Considering all that has happened, can we honestly say that by declaring that Friars must affirm the authenticity of the N.O., they leave themselves with virtually no room to critique it or to retrieve previous liturgical traditions?
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#30
(12-11-2013, 08:31 PM)Clare Brigid Wrote:
(12-11-2013, 08:09 PM)Skarga Wrote: The Bishops have exercised their infallible teaching power in an ordinary manner in their dioceses, in moral unity with the pope, by unanimously and universally promulgating the same teachings on faith and morals for over half a century regarding these issues.

Skarga, you seem to be arguing that the teachings of Vatican II are infallible because they have become part of the ordinary and universal magisterium.

That might be a good argument, but how do you address the fact that some of these teachings appear to conflict with the ordinary and universal magisterium as it was before Vatican II?  This is the essential problem. If you push your point too far, it leads people to a loss of faith in the irreformability of infallible teaching, and from there, to a loss of faith in Catholicism. Do you acknowledge this?  Do you see that many traditionalists love the Church and want to preserve their faith in Her?

Eastern Orthodox tend to make the claim that the Roman Church has changed or misinterpreted dogma. I don't see how that can be an issue for laymen. In the old days the parish priest was practically a god, whatever he said you believed. Nowadays people disobey their parish priests, diocesan bishops, and the pope! Trads are just as guilty of "church shopping" as any protestant.

Vatican II is irrelevant to this discussion. Let us pretend Vatican II never happened but everything in history happened as it did today. In this reality, things like ecumenism and religious liberty are still infallible because, I said before, "The Bishops have exercised their infallible teaching power in an ordinary manner in their dioceses, in moral unity with the pope, by unanimously and universally promulgating the same teachings on faith and morals for over half a century regarding these issues." Practically every diocese in every continent (including "conservative" Africa and Poland) have ecumenical meetings, just like the popes for the last 40+ years. They all have interfaith dialogues, just like JPII and Benedict XVI. The CCC teaches these teachings as being part of the authentic Catholic faith. Seminaries all around the world teach these things.  The worlds bishops proposing definitively, dispersed, but in unison, in union with Pope, teach infallibly.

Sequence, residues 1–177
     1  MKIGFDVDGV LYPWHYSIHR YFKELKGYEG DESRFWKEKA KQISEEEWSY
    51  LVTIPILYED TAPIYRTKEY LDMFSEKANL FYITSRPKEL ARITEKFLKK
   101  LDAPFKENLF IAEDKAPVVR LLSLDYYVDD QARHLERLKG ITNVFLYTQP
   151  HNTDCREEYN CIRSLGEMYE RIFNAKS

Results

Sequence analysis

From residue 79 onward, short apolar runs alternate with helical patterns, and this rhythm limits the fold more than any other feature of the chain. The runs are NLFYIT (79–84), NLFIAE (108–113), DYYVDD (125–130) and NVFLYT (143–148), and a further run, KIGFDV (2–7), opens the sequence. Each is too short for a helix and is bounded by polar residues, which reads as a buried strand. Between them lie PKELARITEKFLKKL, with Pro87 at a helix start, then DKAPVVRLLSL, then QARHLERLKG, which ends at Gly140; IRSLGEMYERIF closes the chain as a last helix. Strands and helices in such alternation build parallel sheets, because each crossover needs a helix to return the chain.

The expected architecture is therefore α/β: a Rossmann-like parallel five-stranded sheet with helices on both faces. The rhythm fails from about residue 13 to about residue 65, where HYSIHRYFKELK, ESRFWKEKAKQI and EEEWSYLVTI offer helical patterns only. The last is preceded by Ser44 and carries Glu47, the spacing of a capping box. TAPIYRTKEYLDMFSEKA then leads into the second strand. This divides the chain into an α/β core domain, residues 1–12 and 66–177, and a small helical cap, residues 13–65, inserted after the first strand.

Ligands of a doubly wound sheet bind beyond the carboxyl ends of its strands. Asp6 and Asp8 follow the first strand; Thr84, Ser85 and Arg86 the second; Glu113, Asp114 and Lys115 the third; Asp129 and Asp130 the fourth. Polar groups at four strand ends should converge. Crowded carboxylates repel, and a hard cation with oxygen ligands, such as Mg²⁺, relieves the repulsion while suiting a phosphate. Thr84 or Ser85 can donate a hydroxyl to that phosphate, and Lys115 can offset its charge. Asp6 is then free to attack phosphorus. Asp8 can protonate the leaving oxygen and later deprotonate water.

Vatican II isn't the issue here. The issue here is that there is an unanimous and universal agreement with the worlds bishops, in union with the pope, about these moral matters. This is scientifically provable by reading the CCC, pastoral letters, approved literature, etc. of the worlds bishops and popes since around 1970. These teachings are undoubtedly covered by the infallibility given to us by the ordinary and universal teaching of the Church.

I'm not trying to destroy anyone's faith. I just don't want people to be schismatics who claim to be in union (or irregular union) on one hand and then on the other reject teachings (e.g. religious liberty, the Church of Christ subsisting in the Catholic Church, etc.) that are undoubtedly covered by the universal and ordinary magisterium of the Church for over half a century. The truth is the truth. If this is a hard saying then there can only be a few logical solutions to the crisis:

1. Accept the New Order in humble obedience. Remember that Christ established the Church and we must obey our pastors. Don't let your selfish needs and preferences seperate you from your Church and your brethren.. Focus on your relationship with God instead of being an arm chair theologian (aka the Russian Roulette of the Soul). In times of confusion we must cling to the barque of Peter. Just because the Church suffers doesn't mean we must amputate ourselves from it. We must pray for understanding if we don't understand points of doctrine that are seemingly different than that of old. In times of doubt we must humbly pray and be obedient in order to sail the storm.

2. Accept the sedevacantist thesis. This way you can keep the "old ways" without living a double life of hypocrisy. The Church cannot promulgate an "evil" form of worship that kills your faith, like the SSPX or crypto-SSPXers believe, or "evil" doctrines which are universally taught by the pope in unison with the worlds bishops. To believe this while simultaneously believing the pope is the pope is absurd and blasphemous. Sedevacantism may be openly schismatic but at least it's a logical conclusion to holding "traditionalist ideas" (New Mass is evil, Ecumenism is evil, Religious Liberty is evil, Assisi meetings are evil, etc.) and it doesn't outrageously blaspheme the office of the pope or the universal magisterium of the Church. It's infinitely worse to believe that the Church can universally teach and promulgate evil than it is to become a schismatic sedevacantist.

3. Believe that the seat of Peter is occupied by Peter Pan. This way you can make the pope whoever you want him to be. You don't have to follow the words of Pope Benedict XVI and look at the collective whole instead of dissecting the particular (paraphrase), you can dissect and ignore the pope until he becomes who you want him to be! Anybody wanna read me some Francis through Benedict? Anyone? Maybe some 72 ways of understanding what Francis said about insert controversial statement on moral issue or dogma here?